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Fraud is often seen as a cost centre for banks, but there's an opportunity for fraud teams to become a driver of better customer experience (CX) - and here's how.
The Covid-19 pandemic has dramatically accelerated customer adoption of digital banking services, which is a dream come true for digital transformation teams. However, as a huge number of customers try online services for the first time, there's bound to be friction.
Balancing fraud prevention and CX
When customers are less digitally savvy, it's easier for fraudsters to take advantage of their inexperience. If there's a significant uptick in fraud and regulators take the view that banks haven't taken reasonable steps to prevent it, senior executives could be held directly responsible under the Senior Managers and Certification Regime (SMCR).
But fraud prevention isn't just a regulatory issue - it's a CX issue too. If banks don't protect new and potentially vulnerable users of online services from fraudsters, they could see digital adoption regress to pre-pandemic levels, and set digital transformation initiatives back by a decade.
Customer awareness of fraud has risen during the pandemic, and recent research by SAS into consumer attitudes underlines why it's important banks get this right. Three-fifths (60 per cent) of people are either more vigilant when it comes to fraud or have experienced it personally. This highlights how businesses need to establish extensive fraud-protection measures.
The problem with playing it safe
On the other hand, if banks take an overly cautious approach and decide that it's not safe to allow customers to use certain services online, that also affects CX. Digital natives resent being told to visit a branch to change their address or marital status, for example - yet several banks still require this.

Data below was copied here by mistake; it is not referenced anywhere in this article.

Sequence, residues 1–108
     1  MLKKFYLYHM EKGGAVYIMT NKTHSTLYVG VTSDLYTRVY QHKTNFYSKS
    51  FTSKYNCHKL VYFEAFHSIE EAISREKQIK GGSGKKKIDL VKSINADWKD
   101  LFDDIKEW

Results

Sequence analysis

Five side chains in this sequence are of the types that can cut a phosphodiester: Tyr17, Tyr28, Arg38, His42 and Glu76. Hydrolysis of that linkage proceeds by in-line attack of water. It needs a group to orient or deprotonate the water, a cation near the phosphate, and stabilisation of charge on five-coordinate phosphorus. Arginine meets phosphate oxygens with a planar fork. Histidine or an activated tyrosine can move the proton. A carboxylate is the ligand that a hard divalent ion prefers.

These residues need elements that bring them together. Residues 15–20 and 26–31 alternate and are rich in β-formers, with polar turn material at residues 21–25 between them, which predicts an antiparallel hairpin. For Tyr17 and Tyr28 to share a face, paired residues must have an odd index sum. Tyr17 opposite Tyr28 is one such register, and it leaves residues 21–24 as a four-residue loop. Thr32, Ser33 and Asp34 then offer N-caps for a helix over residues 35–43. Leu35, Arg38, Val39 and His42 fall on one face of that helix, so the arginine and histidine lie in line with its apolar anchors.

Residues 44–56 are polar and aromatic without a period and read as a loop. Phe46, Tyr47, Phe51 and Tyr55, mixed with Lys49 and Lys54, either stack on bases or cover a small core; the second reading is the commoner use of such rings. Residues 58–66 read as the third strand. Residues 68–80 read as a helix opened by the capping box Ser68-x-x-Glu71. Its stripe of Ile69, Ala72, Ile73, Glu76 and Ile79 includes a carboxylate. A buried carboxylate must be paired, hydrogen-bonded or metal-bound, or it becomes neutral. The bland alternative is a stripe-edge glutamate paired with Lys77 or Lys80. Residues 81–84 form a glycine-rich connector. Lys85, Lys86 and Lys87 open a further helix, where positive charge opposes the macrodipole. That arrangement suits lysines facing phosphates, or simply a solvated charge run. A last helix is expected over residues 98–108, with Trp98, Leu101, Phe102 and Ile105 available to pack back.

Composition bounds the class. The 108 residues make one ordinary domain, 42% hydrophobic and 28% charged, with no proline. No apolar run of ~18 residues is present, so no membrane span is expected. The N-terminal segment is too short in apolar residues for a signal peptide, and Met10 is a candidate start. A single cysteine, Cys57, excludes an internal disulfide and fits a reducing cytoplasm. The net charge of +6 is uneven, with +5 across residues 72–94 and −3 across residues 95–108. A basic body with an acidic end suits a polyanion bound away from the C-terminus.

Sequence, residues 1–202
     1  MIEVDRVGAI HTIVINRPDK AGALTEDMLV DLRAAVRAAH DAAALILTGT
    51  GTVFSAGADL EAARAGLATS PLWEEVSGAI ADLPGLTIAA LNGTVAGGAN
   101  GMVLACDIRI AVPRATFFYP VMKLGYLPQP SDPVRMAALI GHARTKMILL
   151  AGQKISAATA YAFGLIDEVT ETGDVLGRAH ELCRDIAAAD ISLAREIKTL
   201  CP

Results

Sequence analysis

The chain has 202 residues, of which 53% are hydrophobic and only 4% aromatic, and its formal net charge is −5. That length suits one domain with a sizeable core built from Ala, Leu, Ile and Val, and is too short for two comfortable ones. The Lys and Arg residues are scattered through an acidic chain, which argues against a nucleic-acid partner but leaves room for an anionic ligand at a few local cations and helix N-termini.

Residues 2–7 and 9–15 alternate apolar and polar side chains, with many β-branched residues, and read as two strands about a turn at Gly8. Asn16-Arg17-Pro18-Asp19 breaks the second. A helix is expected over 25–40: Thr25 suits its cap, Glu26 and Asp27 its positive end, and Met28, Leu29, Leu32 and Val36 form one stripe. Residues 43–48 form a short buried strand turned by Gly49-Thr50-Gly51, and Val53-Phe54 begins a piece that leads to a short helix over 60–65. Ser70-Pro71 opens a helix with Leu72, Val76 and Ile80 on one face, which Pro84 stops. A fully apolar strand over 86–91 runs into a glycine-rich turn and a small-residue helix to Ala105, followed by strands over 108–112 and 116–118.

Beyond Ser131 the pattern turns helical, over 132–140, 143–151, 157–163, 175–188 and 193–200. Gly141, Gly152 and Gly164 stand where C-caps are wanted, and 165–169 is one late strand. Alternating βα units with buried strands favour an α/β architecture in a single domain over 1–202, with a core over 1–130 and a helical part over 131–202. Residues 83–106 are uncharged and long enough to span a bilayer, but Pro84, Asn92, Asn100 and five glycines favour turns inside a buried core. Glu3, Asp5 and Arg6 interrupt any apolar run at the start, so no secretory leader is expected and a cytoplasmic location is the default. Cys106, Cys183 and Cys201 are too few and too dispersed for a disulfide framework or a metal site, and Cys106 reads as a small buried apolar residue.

Requiring customers to jump through multiple hoops to establish their identity online is not a good option either. For customers who are comfortable online, the need to juggle usernames, passwords, and two-factor authentication codes is a major cause of annoyance - especially if it leads to failed logins or locked accounts. Meanwhile, for people who are less digitally able, even getting past the login screen can feel like an insurmountable obstacle.
How fraud teams can help
Fraud teams can help by providing identity risk scores that other lines of business can easily embed into their own processes. This enables the bank to assess how confident it should be that the person on the other end of the internet connection is a genuine customer, not a fraudster.
These identity risk scores can be calculated from a wealth of information that the bank holds internally, alongside data sourced from specialist third-party identity providers. By bringing together these data sources and applying the right algorithms, fraud teams can help the business detect red flags and take appropriate action.
Why aren't more banks doing this?
The challenge is that orchestrating all these data streams from different identity providers is a complex task. Most banks end up with a hodgepodge of point solutions from multiple vendors. Each of these may be best-in-class for assessing a single risk vector, but none of them can provide the holistic view needed to detect sophisticated fraud attempts with high accuracy.
What's needed is a technology platform that can handle the data integration and orchestration automatically, bringing together device data, behavioural information, and biometrics, and applying machine learning-based anomaly detection to generate risk scores on demand.
From cost centre to CX champion
This sophisticated approach to fraud analytics helps to craft smoother, safer customer journeys - giving genuine customers a warm welcome to their online banking experience, while keeping fraudsters locked out in the cold. It also means the risk team can raise its profile within the organisation from regulatory cost centre to a key partner in improving CX.
If you would like to learn more about how analytics and AI can help banks solve the digital identity crisis, visit https://www.sas.com/en_gb/solutions/fraud-security-intelligence.html
Glenn Smith, EMEA Head of AML and UKI Head of Fraud, SAS